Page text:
Dynamically change connection string in Asp.Net Core

asp.net asp.net-core c# entity-framework-core

Question

I want to change sql connection string in controller, not in ApplicationDbContext. I'm using Asp.Net Core and Entity Framework Core.

For example:

public class MyController : Controller {
    private readonly ApplicationDbContext _dbContext
    public MyController(ApplicationDbContext dbContext)
    {
        _dbContext = dbContext;
    }
    private void ChangeConnectionString()
    {
    // So, what should be here?
    } }

How can I do this?

1
21
4/23/2016 8:46:58 PM

Accepted Answer

We have a case similar to you. What we've done is use the implementationfactory overload of the IServiceCollection in the ConfigureServices method of the Startup class, like so:

//First register a custom made db context provider
services.AddTransient<ApplicationDbContextFactory>();
//Then use implementation factory to get the one you need
services.AddTransient(provider => provider.GetService<ApplicationDbContextFactory>().CreateApplicationDbContext());

It is very difficult for me right now to implement CreateApplicationDbContext for you, because it totally depends on what you want exactly. But once you've figured that part out how you want to do it exactly, the basics of the method should look like this anyway:

public ApplicationDbContext CreateApplicationDbContext(){
  //TODO Something clever to create correct ApplicationDbContext with ConnectionString you need.
} 

Once this is implemented you can inject the correct ApplicationDbContext in your controller like you did in the constructor:

public MyController(ApplicationDbContext dbContext)
{
    _dbContext = dbContext;
}

Or an action method in the controller:

public IActionResult([FromServices] ApplicationDbContext dbContext){
}

However you implement the details, the trick is that the implementation factory will build your ApplicationDbContext everytime you inject it.

Tell me if you need more help implementing this solution.

Update #1 Yuriy N. asked what's the difference between AddTransient and AddDbContext, which is a valid question... And it isn't. Let me explain.

This is not relevant for the original question.

BUT... Having said that, implementing your own 'implementation factory' (which is the most important thing to note about my answer) can in this case with entity framework be a bit more tricky than what we needed.

However, with questions like these we can nowadays luckily look at the sourcecode in GitHub, so I looked up what AddDbContext does exactly. And well... That is not really difficult. These 'add' (and 'use') extension methods are nothing more than convenience methods, remember that. So you need to add all the services that AddDbContext does, plus the options. Maybe you can even reuse AddDbContext extension method, just add your own overload with an implementation factory.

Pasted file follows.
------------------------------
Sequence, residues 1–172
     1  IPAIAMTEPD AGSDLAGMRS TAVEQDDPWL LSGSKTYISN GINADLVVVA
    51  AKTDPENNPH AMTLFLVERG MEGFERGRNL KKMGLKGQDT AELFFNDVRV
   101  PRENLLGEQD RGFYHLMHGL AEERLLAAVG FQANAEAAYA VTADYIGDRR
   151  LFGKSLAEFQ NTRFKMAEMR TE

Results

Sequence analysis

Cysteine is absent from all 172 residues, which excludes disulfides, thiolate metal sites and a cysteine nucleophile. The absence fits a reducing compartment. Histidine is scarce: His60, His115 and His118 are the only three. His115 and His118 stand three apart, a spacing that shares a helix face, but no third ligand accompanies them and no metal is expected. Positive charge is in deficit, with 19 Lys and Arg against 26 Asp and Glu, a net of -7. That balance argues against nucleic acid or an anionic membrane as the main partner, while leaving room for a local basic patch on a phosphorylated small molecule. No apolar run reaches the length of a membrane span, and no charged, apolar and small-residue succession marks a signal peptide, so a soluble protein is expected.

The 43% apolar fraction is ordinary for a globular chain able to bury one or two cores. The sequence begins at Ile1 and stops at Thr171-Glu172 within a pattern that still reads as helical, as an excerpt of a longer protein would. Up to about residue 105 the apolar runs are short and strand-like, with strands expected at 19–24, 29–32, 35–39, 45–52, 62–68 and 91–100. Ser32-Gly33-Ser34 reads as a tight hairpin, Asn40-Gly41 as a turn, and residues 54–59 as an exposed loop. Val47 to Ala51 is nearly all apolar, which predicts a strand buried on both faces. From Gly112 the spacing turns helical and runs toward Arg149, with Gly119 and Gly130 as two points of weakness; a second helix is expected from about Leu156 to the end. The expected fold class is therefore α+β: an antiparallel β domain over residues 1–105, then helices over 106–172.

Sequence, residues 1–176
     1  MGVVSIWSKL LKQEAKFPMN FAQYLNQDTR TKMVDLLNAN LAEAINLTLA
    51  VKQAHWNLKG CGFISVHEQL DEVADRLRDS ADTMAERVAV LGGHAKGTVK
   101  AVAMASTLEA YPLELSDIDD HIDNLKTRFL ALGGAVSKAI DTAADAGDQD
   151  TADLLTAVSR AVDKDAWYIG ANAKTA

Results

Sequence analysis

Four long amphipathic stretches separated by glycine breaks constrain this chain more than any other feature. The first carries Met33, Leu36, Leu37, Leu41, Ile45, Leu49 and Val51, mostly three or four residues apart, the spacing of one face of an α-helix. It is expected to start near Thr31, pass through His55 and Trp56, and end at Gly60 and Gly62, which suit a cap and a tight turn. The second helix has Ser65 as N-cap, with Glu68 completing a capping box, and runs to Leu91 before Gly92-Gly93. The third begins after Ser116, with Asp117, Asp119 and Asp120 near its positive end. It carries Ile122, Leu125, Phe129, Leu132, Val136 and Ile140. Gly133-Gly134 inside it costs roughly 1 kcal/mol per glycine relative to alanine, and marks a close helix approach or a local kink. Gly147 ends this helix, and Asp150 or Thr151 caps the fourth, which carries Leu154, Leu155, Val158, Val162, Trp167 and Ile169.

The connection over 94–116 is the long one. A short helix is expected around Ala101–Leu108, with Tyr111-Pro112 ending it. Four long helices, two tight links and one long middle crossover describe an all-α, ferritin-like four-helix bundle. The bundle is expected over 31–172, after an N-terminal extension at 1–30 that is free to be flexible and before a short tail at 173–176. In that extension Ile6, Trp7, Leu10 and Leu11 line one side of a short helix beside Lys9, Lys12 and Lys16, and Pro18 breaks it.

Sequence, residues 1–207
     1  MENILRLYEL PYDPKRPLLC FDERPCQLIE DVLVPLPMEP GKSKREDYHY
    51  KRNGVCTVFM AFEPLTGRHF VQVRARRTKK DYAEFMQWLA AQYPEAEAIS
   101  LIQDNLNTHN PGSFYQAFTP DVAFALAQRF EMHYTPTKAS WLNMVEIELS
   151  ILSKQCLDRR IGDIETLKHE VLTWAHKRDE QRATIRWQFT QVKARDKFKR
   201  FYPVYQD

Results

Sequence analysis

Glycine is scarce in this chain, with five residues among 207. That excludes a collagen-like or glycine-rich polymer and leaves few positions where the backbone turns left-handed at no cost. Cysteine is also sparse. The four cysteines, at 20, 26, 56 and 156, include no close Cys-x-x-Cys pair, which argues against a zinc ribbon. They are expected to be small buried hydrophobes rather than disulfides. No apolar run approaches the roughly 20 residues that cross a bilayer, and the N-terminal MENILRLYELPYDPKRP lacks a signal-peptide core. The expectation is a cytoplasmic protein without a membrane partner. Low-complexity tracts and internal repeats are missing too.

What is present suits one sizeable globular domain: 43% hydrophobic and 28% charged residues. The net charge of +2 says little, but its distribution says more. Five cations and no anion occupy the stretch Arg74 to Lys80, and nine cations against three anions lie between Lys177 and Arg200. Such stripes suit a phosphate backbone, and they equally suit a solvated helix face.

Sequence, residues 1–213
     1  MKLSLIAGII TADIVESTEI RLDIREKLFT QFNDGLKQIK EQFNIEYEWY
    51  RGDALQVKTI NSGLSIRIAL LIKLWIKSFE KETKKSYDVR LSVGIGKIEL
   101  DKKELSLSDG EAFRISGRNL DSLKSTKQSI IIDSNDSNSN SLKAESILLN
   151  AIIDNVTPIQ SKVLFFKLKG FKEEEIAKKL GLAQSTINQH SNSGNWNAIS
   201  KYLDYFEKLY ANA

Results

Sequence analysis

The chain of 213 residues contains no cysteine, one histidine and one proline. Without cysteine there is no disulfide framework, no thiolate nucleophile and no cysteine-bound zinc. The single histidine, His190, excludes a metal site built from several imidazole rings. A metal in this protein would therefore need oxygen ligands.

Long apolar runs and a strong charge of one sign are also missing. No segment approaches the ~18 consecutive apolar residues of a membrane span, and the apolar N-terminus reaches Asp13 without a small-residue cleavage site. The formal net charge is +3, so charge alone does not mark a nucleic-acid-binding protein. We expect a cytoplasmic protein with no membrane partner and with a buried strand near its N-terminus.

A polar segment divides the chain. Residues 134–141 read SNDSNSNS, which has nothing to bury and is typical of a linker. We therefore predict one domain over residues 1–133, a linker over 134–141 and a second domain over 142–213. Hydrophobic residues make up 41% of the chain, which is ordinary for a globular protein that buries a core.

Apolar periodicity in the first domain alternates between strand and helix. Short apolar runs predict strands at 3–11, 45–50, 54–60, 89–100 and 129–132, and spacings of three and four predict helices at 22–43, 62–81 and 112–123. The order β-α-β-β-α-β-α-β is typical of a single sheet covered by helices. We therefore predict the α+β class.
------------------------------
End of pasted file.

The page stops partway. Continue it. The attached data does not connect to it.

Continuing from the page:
So, to come back to your question. AddDbContext does some EF specific stuff. As you can see they are going to allow you to pass a lifetime in a later release (transient, singleton). AddTransient is Asp.Net Core which allows you to add any service you need. And you need an implementation factory.

Does this make it more clear?

14
4/25/2016 2:00:57 PM

Popular Answer

This is enough if you want to choose a connection string per http request, based on the active http request's parameters.

    using Microsoft.AspNetCore.Http;

    //..

    services.TryAddSingleton<IHttpContextAccessor, HttpContextAccessor>();

    services.AddDbContext<ERPContext>((serviceProvider, options) =>
        {
            var httpContext = serviceProvider.GetService<IHttpContextAccessor>().HttpContext;
            var httpRequest = httpContext.Request;
            var connection = GetConnection(httpRequest);
            options.UseSqlServer(connection);
        });

Update

A year or so later, my solution looks like bits and pieces from other answers here, so allow me to wrap it up for you.

You could add a singleton of the HttpContextAccessor on your startup file:

services.TryAddSingleton<IHttpContextAccessor, HttpContextAccessor>();
services.AddDbContext<ERPContext>();

This will resolve the injection on your context constructor:

public class ERPContext : DbContext
{
    private readonly HttpContext _httpContext;

    public ERPContext(DbContextOptions<ERPContext> options, IHttpContextAccessor httpContextAccessor = null)
        : base(options)
    {
        _httpContext = httpContextAccessor?.HttpContext;
    }

    //..

    protected override void OnConfiguring(DbContextOptionsBuilder optionsBuilder)
    {
        if (!optionsBuilder.IsConfigured)
        {
            var clientClaim = _httpContext?.User.Claims.Where(c => c.Type == ClaimTypes.GroupSid).Select(c => c.Value).SingleOrDefault();
            if (clientClaim == null) clientClaim = "DEBUG"; // Let's say there is no http context, like when you update-database from PMC
            optionsBuilder.UseSqlServer(RetrieveYourBeautifulClientConnection(clientClaim));
        }
    }

    //..
}

And this will give you a clean way to access and extract a claim and decide your connection.

As @JamesWilkins stated on the comments, OnConfiguring() will be called for each instance of the context that is created.

Notice the optional accessor and the !optionsBuilder.IsConfigured. You will need them to ease your tests where you would be overriding your context configuration.



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